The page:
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Toxicological information

Carcinogenicity

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Description of key information

According to  column 2 (specific rules for adaptation from column 1) point 8.9.1, under Annex X of the regulation EC no. 1907/2006, a study may be proposed if:

- the substance has a widespread dispersive use or there is evidence of frequent or long-term human exposure; and

- the substance is classified as mutagen category 3 or there is evidence from the repeated dose study(ies) that the substance is able to induce hyperplasia and/or pre-neoplastic lesions.

As the substance was found to be non-mutagenic from the conclusions of the genetic toxicity tests, and no neoplastic histopathology was noted in the repeated dose studies, and there are no such known reports in humans in the public domain, testing for this endpoint is not required.

Furthermore, in the supporting information provided by Oppenheimer BS et al. (1956), tin foil discs failed to produce any response when subcutaneously implanted; in addition, several other metal foils all from a similar position to tin in the periodic table induced tumours in mice.

Key value for chemical safety assessment

Carcinogenicity: via oral route

Link to relevant study records
Reference
Endpoint:
carcinogenicity: oral
Data waiving:
other justification
Justification for data waiving:
other:
Endpoint conclusion
Endpoint conclusion:
no study available

Carcinogenicity: via inhalation route

Link to relevant study records
Reference
Endpoint:
carcinogenicity: oral
Data waiving:
other justification
Justification for data waiving:
other:
Endpoint conclusion
Endpoint conclusion:
no study available

Carcinogenicity: via dermal route

Link to relevant study records
Reference
Endpoint:
carcinogenicity: oral
Data waiving:
other justification
Justification for data waiving:
other:
Endpoint conclusion
Endpoint conclusion:
no study available

Additional information

Oppenheimer BS et al. (1956) was provided as supporting data only. The study was not performed in compliance with GLP or a current guideline, and the level of reporting lacked some detail; as such the study was assigned a reliability score of 4 under the criteria of Klimisch et al. (1997).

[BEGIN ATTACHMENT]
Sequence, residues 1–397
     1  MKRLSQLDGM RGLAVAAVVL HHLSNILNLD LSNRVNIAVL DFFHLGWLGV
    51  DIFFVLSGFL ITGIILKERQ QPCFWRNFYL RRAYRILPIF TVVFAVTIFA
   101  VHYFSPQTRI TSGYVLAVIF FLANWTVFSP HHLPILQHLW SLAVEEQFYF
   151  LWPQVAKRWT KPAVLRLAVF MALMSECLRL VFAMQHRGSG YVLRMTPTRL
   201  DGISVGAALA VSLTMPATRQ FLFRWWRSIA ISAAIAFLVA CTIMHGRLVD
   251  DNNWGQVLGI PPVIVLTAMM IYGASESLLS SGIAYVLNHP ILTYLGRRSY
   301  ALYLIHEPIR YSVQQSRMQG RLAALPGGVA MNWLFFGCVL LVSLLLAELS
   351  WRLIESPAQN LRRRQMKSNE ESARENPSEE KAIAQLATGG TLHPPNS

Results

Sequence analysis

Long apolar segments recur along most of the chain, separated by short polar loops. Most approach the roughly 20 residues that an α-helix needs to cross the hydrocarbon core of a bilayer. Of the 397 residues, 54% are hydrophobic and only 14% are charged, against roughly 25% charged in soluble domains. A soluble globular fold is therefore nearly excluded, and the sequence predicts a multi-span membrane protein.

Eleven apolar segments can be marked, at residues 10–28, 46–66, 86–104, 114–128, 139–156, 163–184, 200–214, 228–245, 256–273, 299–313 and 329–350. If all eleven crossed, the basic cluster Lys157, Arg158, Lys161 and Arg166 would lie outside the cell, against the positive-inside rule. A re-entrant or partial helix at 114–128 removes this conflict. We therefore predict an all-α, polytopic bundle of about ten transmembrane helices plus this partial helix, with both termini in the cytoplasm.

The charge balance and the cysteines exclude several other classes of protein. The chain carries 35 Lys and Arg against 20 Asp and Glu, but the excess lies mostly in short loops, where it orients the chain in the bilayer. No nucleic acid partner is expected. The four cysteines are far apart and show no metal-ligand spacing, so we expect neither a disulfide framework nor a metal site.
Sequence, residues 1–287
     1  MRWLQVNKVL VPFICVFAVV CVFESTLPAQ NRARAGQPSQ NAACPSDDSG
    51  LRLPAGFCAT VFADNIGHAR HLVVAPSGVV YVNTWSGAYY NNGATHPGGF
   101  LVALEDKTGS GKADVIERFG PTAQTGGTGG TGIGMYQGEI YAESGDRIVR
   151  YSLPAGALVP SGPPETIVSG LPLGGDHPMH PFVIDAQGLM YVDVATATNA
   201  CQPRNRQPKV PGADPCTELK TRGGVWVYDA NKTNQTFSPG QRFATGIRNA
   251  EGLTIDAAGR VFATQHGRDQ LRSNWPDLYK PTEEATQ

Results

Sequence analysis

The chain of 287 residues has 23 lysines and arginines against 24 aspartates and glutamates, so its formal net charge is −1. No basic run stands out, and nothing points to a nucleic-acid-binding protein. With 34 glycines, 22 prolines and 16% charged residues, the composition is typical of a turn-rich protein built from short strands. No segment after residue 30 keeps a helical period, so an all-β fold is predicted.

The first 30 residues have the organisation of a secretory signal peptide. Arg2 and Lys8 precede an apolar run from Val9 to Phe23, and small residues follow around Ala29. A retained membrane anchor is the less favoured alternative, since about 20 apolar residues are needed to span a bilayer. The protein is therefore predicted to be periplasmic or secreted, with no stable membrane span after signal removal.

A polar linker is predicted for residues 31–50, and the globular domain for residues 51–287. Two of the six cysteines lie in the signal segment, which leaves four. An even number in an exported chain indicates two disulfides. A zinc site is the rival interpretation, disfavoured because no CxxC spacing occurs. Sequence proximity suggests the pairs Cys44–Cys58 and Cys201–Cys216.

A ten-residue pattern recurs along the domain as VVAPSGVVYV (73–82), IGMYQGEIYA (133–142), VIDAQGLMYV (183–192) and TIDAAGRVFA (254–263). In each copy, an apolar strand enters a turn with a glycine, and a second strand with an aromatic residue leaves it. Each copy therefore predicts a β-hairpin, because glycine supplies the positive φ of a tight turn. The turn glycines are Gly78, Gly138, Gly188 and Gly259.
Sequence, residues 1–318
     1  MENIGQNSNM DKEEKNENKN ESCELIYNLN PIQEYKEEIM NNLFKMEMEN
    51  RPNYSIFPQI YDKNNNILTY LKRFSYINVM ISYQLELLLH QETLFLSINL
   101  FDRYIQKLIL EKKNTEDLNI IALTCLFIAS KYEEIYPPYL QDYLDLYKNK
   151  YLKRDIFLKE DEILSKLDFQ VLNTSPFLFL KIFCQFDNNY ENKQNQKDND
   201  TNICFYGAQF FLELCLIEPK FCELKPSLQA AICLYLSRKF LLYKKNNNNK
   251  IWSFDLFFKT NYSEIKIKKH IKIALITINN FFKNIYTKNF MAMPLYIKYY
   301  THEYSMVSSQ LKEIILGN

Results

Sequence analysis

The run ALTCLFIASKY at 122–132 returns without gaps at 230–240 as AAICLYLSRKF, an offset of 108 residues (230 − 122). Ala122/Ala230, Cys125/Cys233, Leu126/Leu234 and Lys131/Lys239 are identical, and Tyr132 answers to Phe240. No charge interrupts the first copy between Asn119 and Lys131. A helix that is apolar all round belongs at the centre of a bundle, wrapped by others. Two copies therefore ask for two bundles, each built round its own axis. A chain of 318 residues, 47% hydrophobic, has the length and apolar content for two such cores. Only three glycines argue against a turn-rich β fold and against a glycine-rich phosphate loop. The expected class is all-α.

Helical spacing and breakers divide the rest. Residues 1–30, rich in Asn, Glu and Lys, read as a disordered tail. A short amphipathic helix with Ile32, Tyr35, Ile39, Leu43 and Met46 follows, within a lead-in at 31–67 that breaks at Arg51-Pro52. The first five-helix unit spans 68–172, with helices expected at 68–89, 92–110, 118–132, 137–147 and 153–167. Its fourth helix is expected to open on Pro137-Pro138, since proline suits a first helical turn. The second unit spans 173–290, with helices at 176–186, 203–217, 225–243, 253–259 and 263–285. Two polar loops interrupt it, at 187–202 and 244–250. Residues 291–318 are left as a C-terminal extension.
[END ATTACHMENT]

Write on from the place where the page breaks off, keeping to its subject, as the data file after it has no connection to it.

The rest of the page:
In accordance with point 8.9.1., column 2 (specific rules for adaptation from column 1) of Annex IX, regulation EC no. 1907/2006, the study may be proposed if:

the substance has a "widespread dispersive use" or there is evidence of frequent or long term human exposure, AND the substance is classified as germ cell mutagen category 2 or there is evidence from the repeated dose study(ies) that the substance is able to induce hyperplasia and/or pre-neoplastic lesions.

Although use maybe considered widespread and dispersive, the material is not mutagenic and does not cause proliferative lesions (McRae, 2010, Robertson, 1960). Hence carcinogenicity work is not triggered.

It can be seen from the toxicokinetic data (which utilised extreme exposures), when put into the context of normal human background dietary exposure and plasma concentrations, that metalic tin would not be absorbed by the oral route to any detectable degree under normal occupational exposure conditions (see the toxicokinetics, metabolism and distribution section i.e. absorption for risk assessment purposes can be considered zero). The additional pathology conducted in the acute inhalation toxicity study (Gaunt, 2009) also showed that there would be no practical systemic absorption of metallic tin, via the inhalation or for that matter dermal routes of exposure. Tin did not exhibit any toxic effects in the 28 day oral gavage study in rats up to the limit dose of 1000 mg/kg bw/day. The substance has no significant solubility. Industrial working practices and food standards ensure that the the potential for exposure is extremely limited (see Waivers for Subchronic and Chronic toxicity) There is no anticipated consumer exposure where tin is in massive solid metallic form either pure or in an alloy).

There are no effects anticipated from the structure of metallic tin (metallic tin is anyway an inorganic substance), and there are no other dangerous properties anticipated that would notionally only manifest after chronic dosing.

Available human data also rules out any long term toxicological effects including tumours. Robertson J (1960) studied stannosis (tin oxide induced pneumoconiosis) in workers from a tin smelting works. Even with positive X-ray findings, workers with many years of exposure suffered no health effects, deposition of the dust in the lungs did not lead to a fibrous response (i.e. no adverse pathological effects), indicating no cellular interaction. Observations were performed on workers exposed later in the production line, such as ingot casters exposed to pure molten tin, which reports that there is little dust or fume exposure during this process and changes were not observed in these workers. Though the working conditions are not comparable to today’s practices (much improved), it gives a worst case scenario of exposure during various points of the lifecycle of tin metal.

Justification for classification or non-classification

In accordance with the criteria for classification as defined in Annex I, Regulation (EC) No 1272/2008, the substance does not require classification with respect to carcinogenicity as the available data indicates that there is no reason for concern.